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Backlog, year two
Let's get weird(er)
I’ve been doing Backlog for a year now. One whole year! On the occasion of Backlog’s first anniversary, I wanted to say, firstly, thank you for reading. There’s a million billion little bits of text floating around the internet, all vying for your attention, and beyond that there’s memes, shows, and, yes, games, all of which are often a more attractive prospect, serotonin-wise, than sitting down and reading a gaming-focused newsletter with a vaguely literary bent. Which is all to say: thanks for sticking around, thanks for reading, and thanks for enriching my own experience playing games.
Writing, for me, has always been about making sense of my own thinking. When it comes to my process, I’m a pantser through and through. I don’t outline things. I hardly ever have a thesis when I sit down to write. Instead, I usually show up with a question. A feeling. A single phrase that’s bothering me enough to spend time on it. A wild and occasionally unfounded belief in my own ability to traipse the tightrope. In short, I show up to writing Backlog like I show up to games: to play.
With that in mind, as we go into year two of Backlog, I want to let things get a little weirder.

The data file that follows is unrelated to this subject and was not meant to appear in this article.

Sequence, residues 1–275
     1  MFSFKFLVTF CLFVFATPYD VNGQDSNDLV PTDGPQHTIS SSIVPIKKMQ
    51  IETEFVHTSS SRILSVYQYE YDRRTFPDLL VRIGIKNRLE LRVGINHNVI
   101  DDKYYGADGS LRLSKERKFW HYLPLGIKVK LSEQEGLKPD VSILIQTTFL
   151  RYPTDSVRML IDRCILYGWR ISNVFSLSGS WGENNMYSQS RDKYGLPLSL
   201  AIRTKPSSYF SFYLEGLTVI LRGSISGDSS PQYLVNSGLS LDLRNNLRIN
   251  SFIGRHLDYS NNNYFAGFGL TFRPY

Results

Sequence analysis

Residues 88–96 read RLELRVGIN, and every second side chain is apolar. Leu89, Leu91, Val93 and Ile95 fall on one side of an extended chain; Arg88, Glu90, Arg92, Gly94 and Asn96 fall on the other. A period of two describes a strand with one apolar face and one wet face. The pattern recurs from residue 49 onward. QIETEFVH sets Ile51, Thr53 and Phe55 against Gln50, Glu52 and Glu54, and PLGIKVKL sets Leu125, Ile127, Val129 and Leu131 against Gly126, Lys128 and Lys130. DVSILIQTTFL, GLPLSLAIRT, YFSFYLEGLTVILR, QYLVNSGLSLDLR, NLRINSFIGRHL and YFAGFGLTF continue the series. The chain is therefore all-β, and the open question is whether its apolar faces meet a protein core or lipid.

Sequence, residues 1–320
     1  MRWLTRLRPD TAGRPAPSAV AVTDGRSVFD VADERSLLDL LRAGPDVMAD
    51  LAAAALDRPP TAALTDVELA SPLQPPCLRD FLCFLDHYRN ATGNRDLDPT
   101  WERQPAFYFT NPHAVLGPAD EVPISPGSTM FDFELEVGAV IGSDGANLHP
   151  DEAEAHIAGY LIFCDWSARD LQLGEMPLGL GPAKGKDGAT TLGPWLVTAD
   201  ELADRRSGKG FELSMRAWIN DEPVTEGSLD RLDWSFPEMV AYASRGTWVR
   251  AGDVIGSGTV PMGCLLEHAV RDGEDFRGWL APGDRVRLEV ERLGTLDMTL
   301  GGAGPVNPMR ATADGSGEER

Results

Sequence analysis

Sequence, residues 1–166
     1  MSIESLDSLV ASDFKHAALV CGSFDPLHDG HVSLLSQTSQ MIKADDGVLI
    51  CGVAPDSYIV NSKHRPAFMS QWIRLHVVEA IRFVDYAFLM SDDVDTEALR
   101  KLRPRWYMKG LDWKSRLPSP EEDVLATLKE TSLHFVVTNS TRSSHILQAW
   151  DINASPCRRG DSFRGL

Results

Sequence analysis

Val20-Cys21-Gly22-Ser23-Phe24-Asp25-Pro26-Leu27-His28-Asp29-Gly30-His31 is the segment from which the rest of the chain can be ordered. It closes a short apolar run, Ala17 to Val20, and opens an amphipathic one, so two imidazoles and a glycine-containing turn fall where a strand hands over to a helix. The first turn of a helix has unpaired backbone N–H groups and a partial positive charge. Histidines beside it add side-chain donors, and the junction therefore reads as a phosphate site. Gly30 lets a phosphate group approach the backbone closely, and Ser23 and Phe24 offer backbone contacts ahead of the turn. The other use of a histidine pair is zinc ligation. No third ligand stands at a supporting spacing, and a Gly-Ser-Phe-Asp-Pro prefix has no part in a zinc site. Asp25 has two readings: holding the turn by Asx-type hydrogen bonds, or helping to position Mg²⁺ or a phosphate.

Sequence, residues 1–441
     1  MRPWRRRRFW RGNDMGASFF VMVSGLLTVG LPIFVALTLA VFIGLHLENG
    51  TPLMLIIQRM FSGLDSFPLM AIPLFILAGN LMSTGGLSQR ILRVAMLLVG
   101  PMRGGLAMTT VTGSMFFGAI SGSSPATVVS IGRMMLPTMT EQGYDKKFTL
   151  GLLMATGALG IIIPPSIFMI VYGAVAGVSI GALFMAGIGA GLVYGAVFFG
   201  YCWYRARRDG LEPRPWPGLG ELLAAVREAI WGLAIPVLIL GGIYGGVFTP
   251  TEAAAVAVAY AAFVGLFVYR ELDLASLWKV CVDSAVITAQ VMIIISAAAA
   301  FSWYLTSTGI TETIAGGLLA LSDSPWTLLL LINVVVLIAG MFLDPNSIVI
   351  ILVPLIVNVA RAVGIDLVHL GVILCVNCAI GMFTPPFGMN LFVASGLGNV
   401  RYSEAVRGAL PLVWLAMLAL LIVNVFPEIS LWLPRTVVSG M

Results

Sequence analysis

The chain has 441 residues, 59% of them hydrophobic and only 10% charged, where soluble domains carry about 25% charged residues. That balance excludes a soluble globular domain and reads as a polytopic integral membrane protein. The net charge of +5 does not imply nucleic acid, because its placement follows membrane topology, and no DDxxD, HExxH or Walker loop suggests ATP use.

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What do I mean by that? I don’t know, exactly. I think maybe what I mean is I want to let myself embrace more ideas like my Polygon not-review of The Stanley Parable: Ultra Deluxe and its accompanying Backlog. When I was drafting that particular newsletter, I vetted an early draft with a few trusted friends, worrying (as one does when writing a postmodern, self-reflexive newsletter about a postmodern, self-reflexive videogame) that I was venturing into unreadable territory that no reasonable human would be interested in. Turns out: I was quite wrong! The newsletter I was most worried to publish ended up being the thing to open the door to writing for Polygon, something I’ve wanted to do for a very long time. When I used to teach creative writing, I would tell my students to embrace their stranger instincts and to venture out into territory that, in some way, scares them. Where does it make you nervous to go that you nonetheless feel compelled to explore? That is the place, creatively, that you ought to reside in order to grow as a writer.
Like a lot of things you say as a teacher, you really ought to take your own advice, and so I’m going to do just that.
Fear not: I’m still definitely going to write review-ish things about games I’m playing, and I will still, now and again, follow the latest gaming trend in the pursuit of clicks and subs.1 But I’m also going to let things get a little looser. Maybe a little more hybrid, perhaps in the vein of the brilliant “Playing Metal Gear Solid V: The Phantom Pain” by Jamil Jan Kochai.2 Whatever it is, I’m going to take a page from the PlayStation PR team and remember that “Play Has No Limits,” because writing is, and always has been, play to me.
So, thank you again for reading—with promises for more to come.